Richmond council signs off on gun ban with some specific wording. Some groups will be exempt, due to their professions.
RICHMOND-Anyone going to a protest, concert or any other event in Richmond have to leave their guns at home now. By a unanimous vote Tuesday night, the Richmond City Council banned all guns from certain events.
Specifically, the new ordinance prohibits the “possession, carrying or transportation of any firearms in any public street, road, alley, sidewalk, public right-of-way or any open public space when it is being used by, or is adjacent to, an event that requires a city permit.” To be clear, all events happening on public property or even those that will impact public property have to get a permit. That includes protests, outdoor concerts, farmers’ markets and festivals, if we’re looking further down the road. Now there’s a part in the ordinance wording people might miss, but it’s equally as important. The ordinance calls for a ban in places “adjacent to” local events. That means alleys, sidewalks, streets and any other public right of way. If there’s a protest downtown and you’re in a nearby area at a counter-protest, guns still have to be left at home.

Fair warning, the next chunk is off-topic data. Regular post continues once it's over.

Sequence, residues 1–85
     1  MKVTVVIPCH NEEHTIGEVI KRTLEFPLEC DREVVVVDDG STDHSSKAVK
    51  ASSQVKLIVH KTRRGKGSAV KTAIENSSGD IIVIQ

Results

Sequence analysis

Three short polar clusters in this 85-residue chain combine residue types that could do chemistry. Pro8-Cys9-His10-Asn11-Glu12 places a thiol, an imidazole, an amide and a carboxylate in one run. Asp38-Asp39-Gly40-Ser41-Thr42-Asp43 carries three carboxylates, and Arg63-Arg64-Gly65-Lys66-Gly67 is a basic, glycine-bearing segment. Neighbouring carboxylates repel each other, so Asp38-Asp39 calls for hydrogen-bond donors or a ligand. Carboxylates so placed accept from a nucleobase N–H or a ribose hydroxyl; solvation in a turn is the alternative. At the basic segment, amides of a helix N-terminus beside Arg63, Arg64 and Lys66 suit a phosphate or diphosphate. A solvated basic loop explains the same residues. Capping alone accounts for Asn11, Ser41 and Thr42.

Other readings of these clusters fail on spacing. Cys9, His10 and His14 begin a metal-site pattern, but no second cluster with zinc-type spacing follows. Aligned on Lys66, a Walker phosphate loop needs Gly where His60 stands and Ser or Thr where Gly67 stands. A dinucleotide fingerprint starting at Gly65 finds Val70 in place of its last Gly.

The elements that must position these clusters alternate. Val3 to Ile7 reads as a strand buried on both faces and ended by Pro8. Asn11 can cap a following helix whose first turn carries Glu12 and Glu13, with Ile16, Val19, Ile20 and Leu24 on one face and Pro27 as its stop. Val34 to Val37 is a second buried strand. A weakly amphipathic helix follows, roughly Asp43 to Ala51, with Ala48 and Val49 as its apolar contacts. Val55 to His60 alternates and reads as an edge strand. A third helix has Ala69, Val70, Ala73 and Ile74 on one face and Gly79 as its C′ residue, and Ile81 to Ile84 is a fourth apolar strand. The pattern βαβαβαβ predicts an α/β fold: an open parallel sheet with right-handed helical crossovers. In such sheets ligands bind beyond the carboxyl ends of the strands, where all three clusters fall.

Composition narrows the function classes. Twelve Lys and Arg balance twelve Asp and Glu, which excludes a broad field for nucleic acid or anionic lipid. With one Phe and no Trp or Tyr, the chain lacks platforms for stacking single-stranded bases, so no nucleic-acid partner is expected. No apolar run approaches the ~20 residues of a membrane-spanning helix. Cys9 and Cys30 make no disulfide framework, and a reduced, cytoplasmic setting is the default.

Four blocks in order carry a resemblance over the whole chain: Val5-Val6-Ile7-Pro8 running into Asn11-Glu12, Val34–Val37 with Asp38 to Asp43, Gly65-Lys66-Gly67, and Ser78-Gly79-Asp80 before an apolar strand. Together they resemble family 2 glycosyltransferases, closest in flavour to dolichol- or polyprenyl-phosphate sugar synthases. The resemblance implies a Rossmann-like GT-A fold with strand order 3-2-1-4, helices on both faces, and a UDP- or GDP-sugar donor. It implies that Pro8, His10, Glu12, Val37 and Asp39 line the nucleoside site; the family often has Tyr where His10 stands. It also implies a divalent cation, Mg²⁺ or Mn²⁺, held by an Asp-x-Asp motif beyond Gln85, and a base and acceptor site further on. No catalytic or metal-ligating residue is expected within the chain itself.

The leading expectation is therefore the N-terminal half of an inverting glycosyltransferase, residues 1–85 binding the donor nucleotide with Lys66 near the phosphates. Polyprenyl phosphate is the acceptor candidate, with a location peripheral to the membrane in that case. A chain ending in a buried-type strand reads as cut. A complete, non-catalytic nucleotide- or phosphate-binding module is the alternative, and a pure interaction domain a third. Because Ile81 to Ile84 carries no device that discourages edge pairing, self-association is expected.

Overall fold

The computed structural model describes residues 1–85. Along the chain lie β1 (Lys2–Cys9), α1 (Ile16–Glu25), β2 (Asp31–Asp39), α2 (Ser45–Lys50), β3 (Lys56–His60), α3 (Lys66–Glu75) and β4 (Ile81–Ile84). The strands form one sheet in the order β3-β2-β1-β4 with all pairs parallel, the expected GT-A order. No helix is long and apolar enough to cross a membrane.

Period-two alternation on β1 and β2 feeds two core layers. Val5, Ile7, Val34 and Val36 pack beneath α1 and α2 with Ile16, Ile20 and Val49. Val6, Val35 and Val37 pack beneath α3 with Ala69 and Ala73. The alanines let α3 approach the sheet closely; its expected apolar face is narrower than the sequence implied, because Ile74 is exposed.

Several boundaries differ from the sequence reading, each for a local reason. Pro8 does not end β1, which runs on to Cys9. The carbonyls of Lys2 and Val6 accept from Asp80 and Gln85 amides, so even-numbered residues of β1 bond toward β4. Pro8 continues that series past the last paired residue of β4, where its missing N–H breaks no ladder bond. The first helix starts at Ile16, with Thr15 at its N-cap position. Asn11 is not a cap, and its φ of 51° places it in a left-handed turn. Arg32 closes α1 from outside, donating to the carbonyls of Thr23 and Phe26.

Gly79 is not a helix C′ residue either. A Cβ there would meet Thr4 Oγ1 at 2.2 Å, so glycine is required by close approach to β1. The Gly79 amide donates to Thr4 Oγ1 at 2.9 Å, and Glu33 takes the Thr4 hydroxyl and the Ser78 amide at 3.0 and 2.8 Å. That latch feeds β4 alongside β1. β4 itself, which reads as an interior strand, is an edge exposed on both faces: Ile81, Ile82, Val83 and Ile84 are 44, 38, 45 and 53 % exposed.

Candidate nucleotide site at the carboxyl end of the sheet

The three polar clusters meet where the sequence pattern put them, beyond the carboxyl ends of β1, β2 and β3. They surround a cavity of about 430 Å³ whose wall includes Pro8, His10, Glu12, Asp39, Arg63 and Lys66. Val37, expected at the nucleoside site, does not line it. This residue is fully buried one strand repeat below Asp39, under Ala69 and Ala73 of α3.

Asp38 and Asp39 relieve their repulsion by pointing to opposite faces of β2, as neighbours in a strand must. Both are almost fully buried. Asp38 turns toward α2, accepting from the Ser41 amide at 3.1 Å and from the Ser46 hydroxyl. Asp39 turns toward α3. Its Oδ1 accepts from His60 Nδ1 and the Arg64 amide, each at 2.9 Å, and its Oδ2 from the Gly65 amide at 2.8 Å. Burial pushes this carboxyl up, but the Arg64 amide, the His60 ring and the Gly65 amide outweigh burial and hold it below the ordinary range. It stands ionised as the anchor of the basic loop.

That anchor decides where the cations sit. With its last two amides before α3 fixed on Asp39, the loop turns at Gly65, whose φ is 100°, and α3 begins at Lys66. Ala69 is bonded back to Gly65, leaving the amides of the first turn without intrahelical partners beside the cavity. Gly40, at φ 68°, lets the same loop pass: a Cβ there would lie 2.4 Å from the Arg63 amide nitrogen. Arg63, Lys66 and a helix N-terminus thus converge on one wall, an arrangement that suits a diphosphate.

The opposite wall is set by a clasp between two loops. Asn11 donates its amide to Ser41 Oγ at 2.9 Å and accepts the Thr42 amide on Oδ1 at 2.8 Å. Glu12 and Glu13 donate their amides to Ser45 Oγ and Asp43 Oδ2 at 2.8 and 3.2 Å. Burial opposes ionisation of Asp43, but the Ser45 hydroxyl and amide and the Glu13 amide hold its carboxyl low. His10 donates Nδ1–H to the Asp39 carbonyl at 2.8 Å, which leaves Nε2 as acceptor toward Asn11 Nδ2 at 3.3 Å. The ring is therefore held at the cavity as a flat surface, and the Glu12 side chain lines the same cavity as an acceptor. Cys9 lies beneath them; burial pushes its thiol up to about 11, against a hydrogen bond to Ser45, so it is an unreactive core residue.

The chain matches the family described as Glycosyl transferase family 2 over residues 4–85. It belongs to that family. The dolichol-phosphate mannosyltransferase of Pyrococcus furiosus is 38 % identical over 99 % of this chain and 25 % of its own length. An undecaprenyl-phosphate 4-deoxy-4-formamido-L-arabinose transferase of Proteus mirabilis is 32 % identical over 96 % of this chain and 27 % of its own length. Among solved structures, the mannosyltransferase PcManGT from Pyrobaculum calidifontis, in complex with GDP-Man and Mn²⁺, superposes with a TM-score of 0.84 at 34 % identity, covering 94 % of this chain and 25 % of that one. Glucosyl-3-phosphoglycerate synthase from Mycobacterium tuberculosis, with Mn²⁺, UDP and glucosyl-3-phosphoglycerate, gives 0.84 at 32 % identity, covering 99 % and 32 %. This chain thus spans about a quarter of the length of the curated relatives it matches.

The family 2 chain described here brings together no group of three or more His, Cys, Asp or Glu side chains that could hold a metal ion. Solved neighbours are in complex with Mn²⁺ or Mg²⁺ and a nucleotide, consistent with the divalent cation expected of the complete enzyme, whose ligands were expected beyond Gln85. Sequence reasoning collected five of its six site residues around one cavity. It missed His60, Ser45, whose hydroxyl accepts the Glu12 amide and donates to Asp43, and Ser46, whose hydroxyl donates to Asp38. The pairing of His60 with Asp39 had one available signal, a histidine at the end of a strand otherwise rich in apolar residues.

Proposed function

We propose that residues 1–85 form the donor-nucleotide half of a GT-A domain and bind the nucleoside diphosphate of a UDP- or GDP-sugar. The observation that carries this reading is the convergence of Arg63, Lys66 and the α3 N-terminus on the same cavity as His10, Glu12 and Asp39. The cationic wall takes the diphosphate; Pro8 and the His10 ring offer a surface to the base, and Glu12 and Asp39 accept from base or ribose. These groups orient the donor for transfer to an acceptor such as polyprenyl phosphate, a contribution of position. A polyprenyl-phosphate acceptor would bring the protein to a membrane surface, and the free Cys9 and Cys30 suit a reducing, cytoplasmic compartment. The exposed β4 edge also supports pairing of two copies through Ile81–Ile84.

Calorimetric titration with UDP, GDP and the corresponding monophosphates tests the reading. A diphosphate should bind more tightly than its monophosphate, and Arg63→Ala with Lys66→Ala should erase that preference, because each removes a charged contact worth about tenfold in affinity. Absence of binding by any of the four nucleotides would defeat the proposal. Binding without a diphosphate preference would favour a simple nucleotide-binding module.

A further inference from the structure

Richmond Mayor Levar Stoney proposed the idea at the council’s last meeting in August. The concept as he presented it was to take guns out of the equation when it comes to passionate groups of protestors.
“There is no excuse to brandish a deadly weapon just to prove a point,” Stoney wrote on Twitter prior to Tuesday’s vote. “Guns and large gatherings don’t mix. This ordinance will make our city safer.”
City Looks to Move Forward
Now there are some exemptions to the ordinance. For example, any “authorized military personnel in the performance of their lawful duties, law enforcement officers or security guards contracted or employed by the city” don’t fall under the law. They can still carry guns. Also, someone who lives near an area where a protest is happening would be allowed to keep guns in their home. Council members and police officials differed, however, about if those homeowners could carry guns outside during a protest. Police officials said those local homeowners could still carry guns while going to their car. Council members opposed that idea but couldn’t settle the argument. Instead, the council agreed to a 60-day review of the ordinance, to see what works and what might need to be changed.
That’s why the ordinance didn’t pass during the Aug. 20 meeting where Mayor Stoney proposed it. Council members tabled it over some concerns about the wording. They wondered how the city would monitor, let alone enforce, a ban “adjacent” to events. The mayor explained that was mainly focused on counter-protestors. If there is a Black Lives Matter protest in downtown and a group sets up nearby to oppose it, both sides have to be gun free. Council members were also concerned about getting the word out before these events take place. To solve that, the city’s police department will post flyers and remind residents of the ban on social media in the days leading up to any big events